European DIY Cushions for Cheap
European cushions are gorgeous, they take a plain bed to a cozy haven to read or do girl primping. I am home alone most of the time and still snuggle down on my bed to spoil myself with girl time.
I first noticed European cushions online three or four years ago, I bought a set for our master bedroom for way too much coin, and although functional and I have enjoyed them, they are nothing spectacular. I want three more sets, but let’s start with the first pair.
European cushions are generally 26″ square, so the inserts fit 26″ covers. The answer to having luxurious cushions is making the inserts large and filling them with lots of stuffing. This is especially true for European cushions because we need them to stand up straight.
Here is a before of a purchased European cushion and insert sitting beside the handmade version. Although the purchased version is nice, the less expensive handmade one is much nicer.
Super Easy to Make European Sized Cushion Inserts
You are going to need lots of stuffing for the pillow inserts and some plain light coloured material. Supplies needed:
Four metres (yards) of muslin fabric ( mine was 36″ wide)
Two kingsized pillows (feather or fibre filled depending on your budget)
Needle and matching thread
The cushion inserts you see in this post are feather filled. Buying king sized cushions was the cheapest way I could find for finding feathers, and two king-sized fibre filled cushions at Walmart were less expensive than buying fibrefill stuffing. If you have some unused pillows or stuffed animals, you can use that stuffing as well. Just make sure whatever you use that you have lots of it.
Cutting the Fabric
For two cushions cut four pieces of muslin 30 by 30 inches. Stitch around the fabric with a zig zag stitch to seal the edges. (Optional for this project, as you will never be washing these inserts, so they are not likely to fray).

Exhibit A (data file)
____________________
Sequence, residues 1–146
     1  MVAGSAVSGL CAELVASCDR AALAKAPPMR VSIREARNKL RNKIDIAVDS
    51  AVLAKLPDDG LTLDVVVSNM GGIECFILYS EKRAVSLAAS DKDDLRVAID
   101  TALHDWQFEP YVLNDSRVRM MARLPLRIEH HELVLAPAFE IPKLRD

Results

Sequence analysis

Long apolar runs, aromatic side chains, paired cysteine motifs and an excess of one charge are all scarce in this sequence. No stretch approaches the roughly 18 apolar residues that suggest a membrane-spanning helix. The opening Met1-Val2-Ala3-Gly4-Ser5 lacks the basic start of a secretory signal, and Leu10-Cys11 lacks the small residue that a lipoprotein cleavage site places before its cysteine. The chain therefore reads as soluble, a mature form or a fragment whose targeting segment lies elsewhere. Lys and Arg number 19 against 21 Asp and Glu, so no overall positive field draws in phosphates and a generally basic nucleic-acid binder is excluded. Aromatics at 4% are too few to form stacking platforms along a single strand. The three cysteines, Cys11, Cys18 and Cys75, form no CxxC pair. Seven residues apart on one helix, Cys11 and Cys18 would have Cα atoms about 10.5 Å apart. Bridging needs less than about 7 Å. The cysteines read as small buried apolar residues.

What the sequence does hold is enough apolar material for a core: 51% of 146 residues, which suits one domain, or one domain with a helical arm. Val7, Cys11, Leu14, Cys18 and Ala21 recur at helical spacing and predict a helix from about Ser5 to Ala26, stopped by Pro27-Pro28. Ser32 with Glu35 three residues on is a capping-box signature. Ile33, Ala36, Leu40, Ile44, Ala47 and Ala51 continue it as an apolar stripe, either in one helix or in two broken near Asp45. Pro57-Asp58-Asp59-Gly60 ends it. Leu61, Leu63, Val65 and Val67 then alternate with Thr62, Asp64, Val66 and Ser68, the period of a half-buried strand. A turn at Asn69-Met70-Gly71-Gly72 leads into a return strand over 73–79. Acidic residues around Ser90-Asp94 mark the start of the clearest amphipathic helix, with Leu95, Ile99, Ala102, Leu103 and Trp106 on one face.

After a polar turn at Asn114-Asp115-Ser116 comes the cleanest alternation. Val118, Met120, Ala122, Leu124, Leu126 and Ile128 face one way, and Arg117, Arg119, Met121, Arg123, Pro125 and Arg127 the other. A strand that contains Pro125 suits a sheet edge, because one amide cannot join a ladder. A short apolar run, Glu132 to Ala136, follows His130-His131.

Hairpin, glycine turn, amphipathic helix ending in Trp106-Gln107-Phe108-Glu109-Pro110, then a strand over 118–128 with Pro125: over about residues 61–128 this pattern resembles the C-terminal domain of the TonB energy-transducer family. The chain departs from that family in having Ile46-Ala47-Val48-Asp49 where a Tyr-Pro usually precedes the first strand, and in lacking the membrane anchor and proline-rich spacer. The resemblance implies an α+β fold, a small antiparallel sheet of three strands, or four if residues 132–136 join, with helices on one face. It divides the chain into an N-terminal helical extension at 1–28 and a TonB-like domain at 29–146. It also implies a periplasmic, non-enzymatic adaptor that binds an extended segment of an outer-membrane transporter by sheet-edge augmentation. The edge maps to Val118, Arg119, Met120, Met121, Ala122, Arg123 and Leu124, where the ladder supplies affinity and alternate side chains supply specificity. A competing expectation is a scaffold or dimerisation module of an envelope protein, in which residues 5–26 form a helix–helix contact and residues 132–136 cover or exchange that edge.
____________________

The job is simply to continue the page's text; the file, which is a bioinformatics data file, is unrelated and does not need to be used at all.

Pin the fabric pieces good sides together and sew on three sides.
Sew the fourth side, leaving six inches open for inserting the stuffing.
Make sure you put in lots of stuffing. If your using feather stuffing keep a vacuum nearby, the feathers like to fly around, and once the cushion insert is sewn closed you will need to vacuum little bits of feathers from the outside of your handmade cushion insert.
Sew closed with a needle and thread.
If you look carefully, on the top cushion you can barely see where the hand stitching is on the finished DIY cushion inserts.
Simple Envelope Cushion Covers
If your a regular reader of Faeries you know that I always cover my cushions with an envelope cover. This makes the DIY cushion covers easier to sew and saves the cost of the zipper.
There are only six seams on each cushion including the two hem seams, and they are all easy to sew straight seams.
For this plain DIY cushion cover, you will need four metres (yards) of fabric, and coordinating thread.
Cut the Fabric
For Two Cushions you will need to cut:
2 pieces -28 by 28 inches.
4 pieces – 20 by 28 inches.
Make sure your pattern lines up, for these stripes I had to make sure all the cuts were done so the stripes were verticle.
Seal the edges from fraying with either a zig-zag or a serger. Do this on all edges of all the fabric. It takes a little patience as there is lots of seam length, but it’s so easy and worth doing.
The zig-zag finish does a fairly good job of keeping the edges neat and the loose threads of the material under control. It’s not professional like a serger edge, but it’s certainly better than the scruffy looking threads.
Sewing the Hems for the Back Opening
On the four small pieces, fold one of the 28″ sides over 1/2 inch, iron to create a seam and then fold over 1″. Press well.
Repeat for all four small pieces.
Sew a seam along the edge of the hem.
This is what the overlapped back seamed look like on the hemmed cushion.
Sewing the Cushions Together
Pin the top edge of the large cushion piece to the non-hemmed 28″ side of your small piece. Sew together.
Do the same for the bottom edge. Pin the non-hemmed 28″ side of another small piece to the bottom side of the large piece. Sew together.
Repeat for the second cushion.
All your pieces are now attached. Straighten and smooth out the back of the cushions with the hems, you will have an overlap. Pin in place well.
Sew the two side seams.
Repeat for the second cushion.
Turn the cushion cover right side out and place on your insert.
Here is a photo the purchased cushion covers, one with the purchased insert vs the handmade one. The one on the right is the handmade insert. You can see that it still fits inside a commercially sized European cushion, it just sits nicer.
You can see that there is nothing wrong with the purchased sham, but the handmade one is a more luxurious and cheaper. The next picture is the boughten cushion and insert, sitting beside our handmade version.
I actually have an idea I am going to create to use with the striped cushion covers. I will share it with you on the blog really soon.
Thank you for stopping by, please let me know if you would consider making these cushions, and if you think I convinced you its worth the effort?